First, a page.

If you are a native English speaker, learning the language of Catalan isn’t an easy task. Plentiful resources exist for Spanish speakers to educate themselves, but when it comes to learning directly from English, your options are scarce.
Some of these topics may prove to be extremely simple to you. If this is the case, I encourage you to skip ahead.
My goal is for this to serve as a resource for people who are learning Catalan. I have tried to do a real ‘deep dive’ in the language before, and since realised that instead, I want to learn Catalan fast. There’s so much that is taught in classes that is irrelevant to day to day life, and yet so much seems to get skimmed over.
By publishing this work before it is ‘complete’; while in the act of learning Catalan myself, I hope to capture the simple things that many polyglots gloss over, and document helpful resources that I find along the way.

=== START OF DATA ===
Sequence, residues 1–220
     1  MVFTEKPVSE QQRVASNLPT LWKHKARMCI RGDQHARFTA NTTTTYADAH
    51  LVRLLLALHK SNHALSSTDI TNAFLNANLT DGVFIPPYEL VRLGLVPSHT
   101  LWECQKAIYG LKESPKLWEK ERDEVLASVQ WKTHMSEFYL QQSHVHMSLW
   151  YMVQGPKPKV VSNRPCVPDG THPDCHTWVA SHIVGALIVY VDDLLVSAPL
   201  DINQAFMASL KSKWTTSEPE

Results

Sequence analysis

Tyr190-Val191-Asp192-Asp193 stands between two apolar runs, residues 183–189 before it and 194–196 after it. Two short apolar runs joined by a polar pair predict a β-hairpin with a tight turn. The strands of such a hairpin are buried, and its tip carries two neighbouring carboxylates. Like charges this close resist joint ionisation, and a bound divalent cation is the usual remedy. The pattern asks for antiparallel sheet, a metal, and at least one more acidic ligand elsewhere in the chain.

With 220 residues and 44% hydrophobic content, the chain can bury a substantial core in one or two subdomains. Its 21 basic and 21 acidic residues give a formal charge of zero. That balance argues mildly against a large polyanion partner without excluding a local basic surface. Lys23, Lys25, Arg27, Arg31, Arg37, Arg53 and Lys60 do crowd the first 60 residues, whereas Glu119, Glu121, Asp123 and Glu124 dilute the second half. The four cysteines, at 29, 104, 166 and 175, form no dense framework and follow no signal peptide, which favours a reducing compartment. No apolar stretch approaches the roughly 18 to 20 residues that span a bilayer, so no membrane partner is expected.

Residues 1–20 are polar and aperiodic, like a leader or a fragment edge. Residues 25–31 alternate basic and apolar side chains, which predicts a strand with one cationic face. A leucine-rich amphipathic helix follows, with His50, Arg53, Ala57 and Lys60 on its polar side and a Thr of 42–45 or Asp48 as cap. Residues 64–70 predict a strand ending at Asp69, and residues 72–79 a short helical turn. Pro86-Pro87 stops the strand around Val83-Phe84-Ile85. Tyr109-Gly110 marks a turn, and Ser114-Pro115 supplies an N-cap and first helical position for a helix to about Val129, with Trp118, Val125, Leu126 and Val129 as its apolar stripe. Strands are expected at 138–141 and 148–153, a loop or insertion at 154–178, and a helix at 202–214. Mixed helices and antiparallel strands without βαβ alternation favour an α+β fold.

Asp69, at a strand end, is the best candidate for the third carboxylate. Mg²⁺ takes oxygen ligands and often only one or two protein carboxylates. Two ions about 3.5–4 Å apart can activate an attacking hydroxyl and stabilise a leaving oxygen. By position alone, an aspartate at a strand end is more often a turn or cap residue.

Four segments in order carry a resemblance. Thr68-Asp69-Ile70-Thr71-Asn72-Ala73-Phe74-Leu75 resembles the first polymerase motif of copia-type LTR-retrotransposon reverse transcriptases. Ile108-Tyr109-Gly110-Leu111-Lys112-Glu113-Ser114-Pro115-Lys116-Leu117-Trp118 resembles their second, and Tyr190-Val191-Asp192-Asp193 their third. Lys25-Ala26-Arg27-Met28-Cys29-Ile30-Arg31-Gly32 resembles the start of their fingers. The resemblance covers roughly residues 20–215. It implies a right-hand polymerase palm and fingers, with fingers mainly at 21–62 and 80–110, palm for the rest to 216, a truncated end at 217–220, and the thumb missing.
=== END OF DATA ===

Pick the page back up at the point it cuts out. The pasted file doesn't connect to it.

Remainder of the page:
As a result you may want to check back every so often to get the latest updates and resources.
As a mono-lingual Australian, I was faced with a few options when I moved to Andorra:
- learn Spanish,
- learn Catalan,
- learn Spanish, then Catalan, or
- be confused about everything and live in an English bubble.
Number 4 wasn’t one I was willing to entertain. Many have argued that “you only need Spanish”, and they are true. I could get away with it. But seeing as I am a guest in this country, I want to show respect to it’s people.
Outside of Andorra, a good deal of my life takes part in Catalonia too. I often find myself in the Spanish provinces of Barcelona, Girona, Lleida and Tarragona.
I want to reach B1 proficiency in Catalan.
Why Learn to Speak Catalan vs Spanish?
If you are reading this while planning to visit or start a life in Andorra, know that language here is a mixed bag. Due to the high percentage of immigrants living here, it’s not uncommon to find yourself speaking with someone who can only speak French, or Spanish, or even Russian.